Topics: AIX, Red Hat, Security

Generate a random password

The following command will generate a random password of 9 characters:

# openssl rand -base64 9

Topics: Red Hat, Security, System Admin

Resetting the root password for a KVM guest image

Red Hat provides you the opportunity to download a KVM guest image, that you can use within virt-manager to start immediately. This saves you the trouble and time of having to install the operating system.

However, the root password is not known, and so, it may be difficult to log in as root when using the KVM guest image provided by Red Hat.

Luckily, there is an easy solution to changing the root password on a KVM guest image.

Start by installing guestfish:

# yum -y install guestfish
Guestfish is a tool that can be used from the command line to access guest virtual machine file systems.

Next, update the image file as follows, assuming the image file is located in /var/lib/libvirt/images, and the image file is called "rhel7.5.beta1.qcow2", and you want to set the password to "PASSWORD":
# cd /var/lib/libvirt/images
# virt-customize -a rhel7.5.beta1.qcow2 --root-password password:PASSWORD

Topics: Security, System Admin

Automatically accept new SSH keys

Whenever you have to connect through SSH to a lot of different servers, and you create a command for it like this:

# for h in $SERVER_LIST; do ssh $h "uptime"; done
You may run into an error that stops your command, especially when a new server is added to $SERVER_LIST, like this:
The authenticity of host 'myserver (' can't be established.
RSA key fingerprint is .....
Are you sure you want to continue connecting (yes/no)?
And you'll have to type "yes" every time this error is encountered.

So, how do you automate this, and not have to type "yes" with every new host?

The answer is to disable strict host key checking with the ssh command like this:
ssh -oStrictHostKeyChecking=no $h uptime
Please note that you should only do this with hosts that you're familiar with, and/or are in trusted networks, as it bypasses a security question.

Topics: Red Hat, Security, System Admin

Disabling SELinux

Security Enhanced Linux, or short SELinux, is by default enabled on Red Hat Enterprise (and alike) Linux systems.

To determine the status of SELinux, simply run:

# sestatus
There will be times when it may be necessary to disable SELinux. Or for example, when a Linux system is not Internet facing, you may not need to have SELinux enabled.

From the command line, you can edit the /etc/sysconfig/selinux file. This file is a symbolic link to file /etc/selinux/config.

By default, option SELINUX will be set to enforcing in this file:
# This file controls the state of SELinux on the system.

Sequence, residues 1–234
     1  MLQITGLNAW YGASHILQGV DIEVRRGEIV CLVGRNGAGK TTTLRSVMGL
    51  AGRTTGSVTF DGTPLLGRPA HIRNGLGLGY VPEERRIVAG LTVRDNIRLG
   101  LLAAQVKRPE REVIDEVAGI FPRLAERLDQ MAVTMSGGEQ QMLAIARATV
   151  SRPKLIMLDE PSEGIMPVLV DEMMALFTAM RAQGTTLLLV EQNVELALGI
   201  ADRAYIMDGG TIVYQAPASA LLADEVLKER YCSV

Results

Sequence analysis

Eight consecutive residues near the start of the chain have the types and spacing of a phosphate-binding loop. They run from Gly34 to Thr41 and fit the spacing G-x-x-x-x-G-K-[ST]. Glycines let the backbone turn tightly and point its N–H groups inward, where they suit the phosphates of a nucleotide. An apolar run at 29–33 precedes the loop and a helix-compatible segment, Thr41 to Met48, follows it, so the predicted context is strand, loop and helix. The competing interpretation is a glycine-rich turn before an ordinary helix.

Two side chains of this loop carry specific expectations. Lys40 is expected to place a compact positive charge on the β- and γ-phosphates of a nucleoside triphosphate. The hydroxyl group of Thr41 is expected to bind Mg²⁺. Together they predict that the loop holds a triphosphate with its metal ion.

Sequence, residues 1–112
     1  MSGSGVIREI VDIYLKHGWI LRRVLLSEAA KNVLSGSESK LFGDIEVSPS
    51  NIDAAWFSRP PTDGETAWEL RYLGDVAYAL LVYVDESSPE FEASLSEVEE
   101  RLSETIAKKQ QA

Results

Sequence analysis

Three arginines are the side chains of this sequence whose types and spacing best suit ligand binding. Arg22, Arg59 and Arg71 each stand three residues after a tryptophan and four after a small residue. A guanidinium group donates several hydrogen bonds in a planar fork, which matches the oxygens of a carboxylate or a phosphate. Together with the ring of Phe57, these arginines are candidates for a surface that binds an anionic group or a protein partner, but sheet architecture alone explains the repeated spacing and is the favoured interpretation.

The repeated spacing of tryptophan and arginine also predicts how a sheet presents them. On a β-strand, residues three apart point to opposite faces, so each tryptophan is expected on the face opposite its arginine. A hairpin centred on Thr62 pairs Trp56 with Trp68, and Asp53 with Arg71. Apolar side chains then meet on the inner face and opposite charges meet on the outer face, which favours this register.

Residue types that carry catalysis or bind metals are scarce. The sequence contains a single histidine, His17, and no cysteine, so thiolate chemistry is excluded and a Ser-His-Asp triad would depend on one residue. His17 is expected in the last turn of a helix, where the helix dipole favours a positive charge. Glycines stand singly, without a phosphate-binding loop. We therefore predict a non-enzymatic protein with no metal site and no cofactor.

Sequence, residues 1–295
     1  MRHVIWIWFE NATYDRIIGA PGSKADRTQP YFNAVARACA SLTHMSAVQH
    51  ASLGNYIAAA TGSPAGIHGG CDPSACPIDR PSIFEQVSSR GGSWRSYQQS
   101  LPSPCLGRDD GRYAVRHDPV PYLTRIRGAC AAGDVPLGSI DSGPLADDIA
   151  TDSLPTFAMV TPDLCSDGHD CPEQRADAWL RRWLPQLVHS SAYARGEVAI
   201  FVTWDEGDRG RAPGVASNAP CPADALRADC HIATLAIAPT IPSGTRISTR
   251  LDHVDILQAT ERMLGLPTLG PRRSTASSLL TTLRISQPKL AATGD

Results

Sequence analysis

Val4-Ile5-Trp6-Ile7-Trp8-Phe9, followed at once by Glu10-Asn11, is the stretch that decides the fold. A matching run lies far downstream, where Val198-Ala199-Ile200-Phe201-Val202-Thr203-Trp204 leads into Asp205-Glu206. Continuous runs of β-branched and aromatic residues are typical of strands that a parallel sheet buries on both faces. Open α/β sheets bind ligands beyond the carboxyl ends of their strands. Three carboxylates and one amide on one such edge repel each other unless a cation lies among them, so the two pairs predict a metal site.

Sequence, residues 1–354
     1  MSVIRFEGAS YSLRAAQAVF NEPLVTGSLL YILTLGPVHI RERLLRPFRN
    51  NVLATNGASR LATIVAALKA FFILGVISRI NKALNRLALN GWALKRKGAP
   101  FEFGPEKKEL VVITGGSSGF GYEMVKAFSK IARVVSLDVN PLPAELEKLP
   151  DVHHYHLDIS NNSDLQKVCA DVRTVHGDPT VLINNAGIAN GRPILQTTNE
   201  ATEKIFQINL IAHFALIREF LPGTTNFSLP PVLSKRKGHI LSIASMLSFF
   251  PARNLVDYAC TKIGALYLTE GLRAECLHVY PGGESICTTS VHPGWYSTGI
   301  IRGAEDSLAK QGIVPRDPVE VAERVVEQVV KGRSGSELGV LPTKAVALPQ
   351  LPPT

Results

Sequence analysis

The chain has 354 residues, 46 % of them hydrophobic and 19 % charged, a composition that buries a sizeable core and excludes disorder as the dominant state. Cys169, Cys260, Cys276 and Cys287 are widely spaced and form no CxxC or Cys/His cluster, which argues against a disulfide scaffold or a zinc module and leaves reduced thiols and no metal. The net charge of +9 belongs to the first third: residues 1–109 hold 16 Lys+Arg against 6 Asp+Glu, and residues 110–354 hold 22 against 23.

# SELINUX= can take one of these three values:
#     enforcing - SELinux security policy is enforced.
#     permissive - SELinux prints warnings instead of enforcing.
#     disabled - No SELinux policy is loaded.
By changing it to "permissive", you will disable SELinux:

Topics: Red Hat, Security

Generating random passwords

A way to create a random password yourself is using a password generator. The pwmake is a command-line tool for generating random passwords that consist of all four groups of characters: uppercase, lowercase, digits and special characters.

The utility allows you to specify the number of entropy bits that are used to generate the password. The entropy is pulled from /dev/urandom. The minimum number of bits you can specify is 56, which is enough for passwords on systems and services where brute force attacks are rare. 64 bits is adequate for applications where the attacker does not have direct access to the password hash file (/etc/shadow). For situations when the attacker might obtain the direct access to the password hash or the password is used as an encryption key, 80 to 128 bits should be used. If you specify an invalid number of entropy bits, pwmake will use the default of bits.

To create a password of 128 bits, enter the following command:

# pwmake 128

Topics: AIX, Monitoring, Networking, Red Hat, Security, System Admin

Determining type of system remotely

If you run into a system that you can't access, but is available on the network, and have no idea what type of system that is, then there are few tricks you can use to determine the type of system remotely.

The first one, is by looking at the TTL (Time To Live), when doing a ping to the system's IP address. For example, a ping to an AIX system may look like this:

# ping
PING ( 56(84) bytes of data.
64 bytes from ( icmp_seq=1 ttl=253 time=0.394 ms
TTL (Time To Live) is a timer value included in packets sent over networks that tells the recipient how long to hold or use the packet before discarding and expiring the data (packet). TTL values are different for different Operating Systems. So, you can determine the OS based on the TTL value. A detailed list of operating systems and their TTL values can be found here. Basically, a UNIX/Linux system has a TTL of 64. Windows uses 128, and AIX/Solaris uses 254.

Now, in the example above, you can see "ttl=253". It's still an AIX system, but there's most likely a router in between, decreasing the TTL with one.

Another good method is by using nmap. The nmap utility has a -O option that allows for OS detection:
# nmap -O -v | grep OS
Initiating OS detection (try #1) against (
OS details: IBM AIX 5.3
OS detection performed.
Okay, so it isn't a perfect method either. We ran the nmap command above against an AIX 7.1 system, and it came back as AIX 5.3 instead. And sometimes, you'll have to run nmap a couple of times, before it successfully discovers the OS type. But still, we now know it's an AIX system behind that IP.